Our Beloved Summer: Episodes 15-16 Open Thread (Final)
Our finale is here, and it’s time to follow our characters to the conclusion of their tale. For some this means confronting their scars, while for others it means embracing their dreams and allowing themselves to grow. But for all the closure and wrap-ups, the ending also gives us the satisfaction of knowing that the story isn’t over, even if our drama has wrapped.
EPISODES 15-16 WEECAP
I’m having some mixed feelings about our finale — I found it delightful and satisfying, but it was also a bit light-handed and full of the tropes we know so well. And yet, the ending matched the tone of the drama and gave me enough to feel satisfied, so I’m not entirely sure why I’m complaining. Maybe it’s just the gush of ending week PPL, or the token time jump that have me a bit fatigued — even though Our Beloved Summer played both well.
It’s also the first point in the story where I started to feel a little annoyed with Ji-woong. I’ve felt for him deeply and loved his dilemma of being locked in his outsider/observer position, but this week he’s so deep in the thing he’s dug himself, that it’s starting to feel like a cage. And I feel locked up with him.
Thankfully, our PD comes in to help, as does the lovely Chae-ran, and Ji-woong pulls himself up, though slowly. First, a great scene with his mother (what a testament to facing one’s wounds), and second, after our time jump, a lighter and happier looking Ji-woong on the other side. Thank goodness for that.
The drama so often its episodes with Ji-woong that I always feel like I have to address him first as this precursor to our leads — but really everyone hits rock bottom before our drama ends. Yeon-su misses Woong’s cool night exhibit after her grandmother collapses and is hospitalized, and after this, she’s afraid she’s broken her relationship with Woong once again. She sits on his doorstep in tears in the snow. Yeon-su sure has changed!
Meanwhile, the exhibit is lovely to my eye, but it doesn’t go as Woong and Eun-ho expected. Not only does Nu-a reappear (ouch, Kwak Dong-yeon, why you so mean!) with some criticism that goes right to Woong’s heart, but a well-known art critic is even more harsh. The critic shines light on the “immaturity” of Woong’s art, and understandably he’s left broken. (Mostly, I’d argue, because he also knows he needs to grow.) And so, in Episode 15, basically everyone hits a personal nadir, and needs comfort and reassurance.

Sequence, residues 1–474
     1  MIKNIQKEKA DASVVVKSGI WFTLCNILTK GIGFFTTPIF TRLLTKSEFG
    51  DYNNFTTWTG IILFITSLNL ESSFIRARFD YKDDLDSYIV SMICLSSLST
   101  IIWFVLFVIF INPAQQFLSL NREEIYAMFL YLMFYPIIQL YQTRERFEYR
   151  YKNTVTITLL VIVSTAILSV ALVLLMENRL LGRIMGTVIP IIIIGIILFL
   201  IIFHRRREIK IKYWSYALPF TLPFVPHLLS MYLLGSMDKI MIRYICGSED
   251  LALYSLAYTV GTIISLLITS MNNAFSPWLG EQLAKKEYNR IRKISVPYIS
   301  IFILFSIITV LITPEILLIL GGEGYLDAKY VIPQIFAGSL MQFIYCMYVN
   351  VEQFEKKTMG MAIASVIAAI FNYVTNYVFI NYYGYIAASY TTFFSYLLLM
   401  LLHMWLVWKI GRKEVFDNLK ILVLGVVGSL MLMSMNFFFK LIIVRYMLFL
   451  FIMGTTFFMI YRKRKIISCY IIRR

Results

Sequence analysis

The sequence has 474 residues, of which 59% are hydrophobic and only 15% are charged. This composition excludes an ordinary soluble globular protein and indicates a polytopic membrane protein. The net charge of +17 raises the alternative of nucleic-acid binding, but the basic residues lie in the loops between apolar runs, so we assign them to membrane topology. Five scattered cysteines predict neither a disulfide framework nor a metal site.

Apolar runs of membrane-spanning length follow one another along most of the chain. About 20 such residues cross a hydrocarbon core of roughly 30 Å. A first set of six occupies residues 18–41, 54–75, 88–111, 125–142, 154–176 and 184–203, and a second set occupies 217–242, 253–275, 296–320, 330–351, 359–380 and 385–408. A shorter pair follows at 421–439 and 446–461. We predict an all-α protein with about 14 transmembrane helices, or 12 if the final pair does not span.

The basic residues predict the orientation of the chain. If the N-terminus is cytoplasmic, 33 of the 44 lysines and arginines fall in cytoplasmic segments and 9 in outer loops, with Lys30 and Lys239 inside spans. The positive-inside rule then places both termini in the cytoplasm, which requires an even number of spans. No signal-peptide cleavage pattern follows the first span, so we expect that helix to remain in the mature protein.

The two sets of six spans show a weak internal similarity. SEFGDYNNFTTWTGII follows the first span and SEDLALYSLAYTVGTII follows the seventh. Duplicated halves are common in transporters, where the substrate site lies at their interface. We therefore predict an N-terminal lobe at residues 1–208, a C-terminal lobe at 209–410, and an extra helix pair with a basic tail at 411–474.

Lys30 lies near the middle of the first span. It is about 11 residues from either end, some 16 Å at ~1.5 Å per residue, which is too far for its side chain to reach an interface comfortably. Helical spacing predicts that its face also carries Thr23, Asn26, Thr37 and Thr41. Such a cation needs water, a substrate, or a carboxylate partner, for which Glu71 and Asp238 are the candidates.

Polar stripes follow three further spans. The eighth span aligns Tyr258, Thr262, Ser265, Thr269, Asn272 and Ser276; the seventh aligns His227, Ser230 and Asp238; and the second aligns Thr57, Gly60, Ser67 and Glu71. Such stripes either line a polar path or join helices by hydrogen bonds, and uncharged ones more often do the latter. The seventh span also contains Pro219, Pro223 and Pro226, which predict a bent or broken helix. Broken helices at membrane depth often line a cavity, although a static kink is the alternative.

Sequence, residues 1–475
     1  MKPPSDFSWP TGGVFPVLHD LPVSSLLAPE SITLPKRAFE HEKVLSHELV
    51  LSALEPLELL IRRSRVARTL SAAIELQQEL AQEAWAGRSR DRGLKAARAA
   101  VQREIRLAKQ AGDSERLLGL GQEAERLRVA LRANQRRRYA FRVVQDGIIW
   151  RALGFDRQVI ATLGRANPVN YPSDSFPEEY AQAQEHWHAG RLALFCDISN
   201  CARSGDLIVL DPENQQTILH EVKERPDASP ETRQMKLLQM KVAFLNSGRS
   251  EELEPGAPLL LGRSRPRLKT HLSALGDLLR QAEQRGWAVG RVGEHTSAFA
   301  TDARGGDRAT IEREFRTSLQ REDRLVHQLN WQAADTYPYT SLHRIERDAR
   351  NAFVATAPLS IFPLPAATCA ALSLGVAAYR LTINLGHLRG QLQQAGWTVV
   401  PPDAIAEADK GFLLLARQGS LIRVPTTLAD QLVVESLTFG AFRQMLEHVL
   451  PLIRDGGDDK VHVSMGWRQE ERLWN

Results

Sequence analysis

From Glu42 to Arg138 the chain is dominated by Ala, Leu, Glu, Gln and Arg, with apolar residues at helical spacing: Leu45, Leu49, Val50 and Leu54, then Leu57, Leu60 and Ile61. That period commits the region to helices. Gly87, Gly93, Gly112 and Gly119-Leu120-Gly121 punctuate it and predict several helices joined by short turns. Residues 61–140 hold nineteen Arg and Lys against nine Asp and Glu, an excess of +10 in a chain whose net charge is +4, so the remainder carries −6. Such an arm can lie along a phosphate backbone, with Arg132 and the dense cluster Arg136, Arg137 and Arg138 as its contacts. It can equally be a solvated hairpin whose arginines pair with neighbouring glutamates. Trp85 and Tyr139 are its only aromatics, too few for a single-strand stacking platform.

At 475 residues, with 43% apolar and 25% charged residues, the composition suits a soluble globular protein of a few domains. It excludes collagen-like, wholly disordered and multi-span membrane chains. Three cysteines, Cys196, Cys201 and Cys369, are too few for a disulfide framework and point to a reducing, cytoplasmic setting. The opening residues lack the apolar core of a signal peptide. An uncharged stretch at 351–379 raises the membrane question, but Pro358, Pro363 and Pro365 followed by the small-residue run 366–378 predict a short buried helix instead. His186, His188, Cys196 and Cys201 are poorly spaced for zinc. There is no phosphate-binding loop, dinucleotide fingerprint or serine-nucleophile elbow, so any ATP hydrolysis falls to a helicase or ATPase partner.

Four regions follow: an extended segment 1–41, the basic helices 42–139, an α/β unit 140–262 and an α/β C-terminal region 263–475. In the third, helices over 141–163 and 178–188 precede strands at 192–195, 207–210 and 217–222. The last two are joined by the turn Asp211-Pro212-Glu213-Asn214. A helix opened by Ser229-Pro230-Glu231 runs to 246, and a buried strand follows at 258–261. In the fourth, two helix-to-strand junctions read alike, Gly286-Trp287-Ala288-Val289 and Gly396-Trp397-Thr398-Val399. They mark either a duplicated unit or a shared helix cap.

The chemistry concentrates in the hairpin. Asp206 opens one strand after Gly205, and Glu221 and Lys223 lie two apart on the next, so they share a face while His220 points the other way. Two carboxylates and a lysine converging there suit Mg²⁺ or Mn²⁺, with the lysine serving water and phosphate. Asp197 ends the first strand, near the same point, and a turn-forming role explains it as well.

But just like life, dark and difficult moments are often necessary to lead us to the light, and just as Ji-woong finally confronts his mother, Woong also confronts his own inner demons (lies) that he’s only been living a borrowed life, and that he’s not worthy of the perfect parents that adopted him.
Once he and his mom finally talk this out, it’s as if something comes loose. Such a touching scene of comfort and love; his mother tells him from now on he should sleep peacefully, and indeed, his whole journey up and till now was about facing his abandonment and the many fears that caused in his heart. Now, he’s finally able to go abroad and grow his art, because his heart is healed and there’s actually space for that growth to happen.
It’s the same for Yeon-su. Though her grandma recovers and promises to live a long time (phewf!), the situation — along with the opportunity to go abroad with Woong — forces Yeon-su to reassess her life and her identity. In a really beautiful moment, she realizes that her life has never once been pathetic; instead, as she says, “the only person who made my life seem pathetic was me.” And so, with this new wisdom, Yeon-su is so much more confident in who she is. And with Woong’s long-awaited “I love you,” she’s become a more strong and whole woman.
So, each of our characters’ journey wraps up in a satisfying way, and we’re given just enough to know that they have grown and changed and we can leave them knowing they’re safe. I guess the complaint, if I dare to lodge one, is that this wrap-up required the over-used Europe disruptor, and the requisite time jump.
However, the Paris story element did take an interesting twist, as the show made it easy for Woong and Yeon-su to go together (thanks to the return of the [hot] Lee Joon-hyuk and his job offer). This is rare, as we know, because usually with foreign travel, it’s a forced separation, not a convenient mass migration. Still, Yeon-su decided to stay behind, which works for me, since it represents her contentedness with her life and identity. And it also makes sense that Woong needs to go, because he’s finally ready to grab a hold of life.
In the same way, I can’t get too mad about the two-year time jump, because we of course want to see what happens when Woong returns, and how everyone is after they’ve had time to heal. And while much has changed, much has remained the same. Sol-yi and Eun-ho are still dancing around each other until he finally makes a move (omg I love them so much); similarly we see Chae-ran finally confessing the obvious to Ji-woong, and while that’s left open-ended, at least it’s been said.
And our couple? They get their happily ever after. They not only get married (yay!) and move into Woong’s beautiful house again, but they’re approached to shoot a third documentary, covering their married life. And who wouldn’t want to watch that?
The married life docu is a fun wink to end on, but of course what makes it all satisfying is that we know our characters are healthy and happy. Yeon-su has accepted herself and learned to love who she is; Woong has faced his trauma and it shows in his art: he now draws people!
There were so many parts of this drama that I loved, and so many great messages and moments, but I think the one that remains with me the most is the documentary metaphor — that it’s the ordinary moments of life make our story. Sometimes we can’t see it because we’re in the middle of it, but the story is there, and it’s ours.